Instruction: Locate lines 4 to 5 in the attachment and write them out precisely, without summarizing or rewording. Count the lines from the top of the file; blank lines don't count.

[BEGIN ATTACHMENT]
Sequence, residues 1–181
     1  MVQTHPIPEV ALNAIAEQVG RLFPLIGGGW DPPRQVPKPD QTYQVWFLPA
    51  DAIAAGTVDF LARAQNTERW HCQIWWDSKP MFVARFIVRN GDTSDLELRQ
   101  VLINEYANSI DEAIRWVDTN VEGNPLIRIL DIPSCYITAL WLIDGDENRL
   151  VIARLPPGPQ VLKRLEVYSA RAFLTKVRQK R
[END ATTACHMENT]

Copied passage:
   101  VLINEYANSI DEAIRWVDTN VEGNPLIRIL DIPSCYITAL WLIDGDENRL
   151  VIARLPPGPQ VLKRLEVYSA RAFLTKVRQK R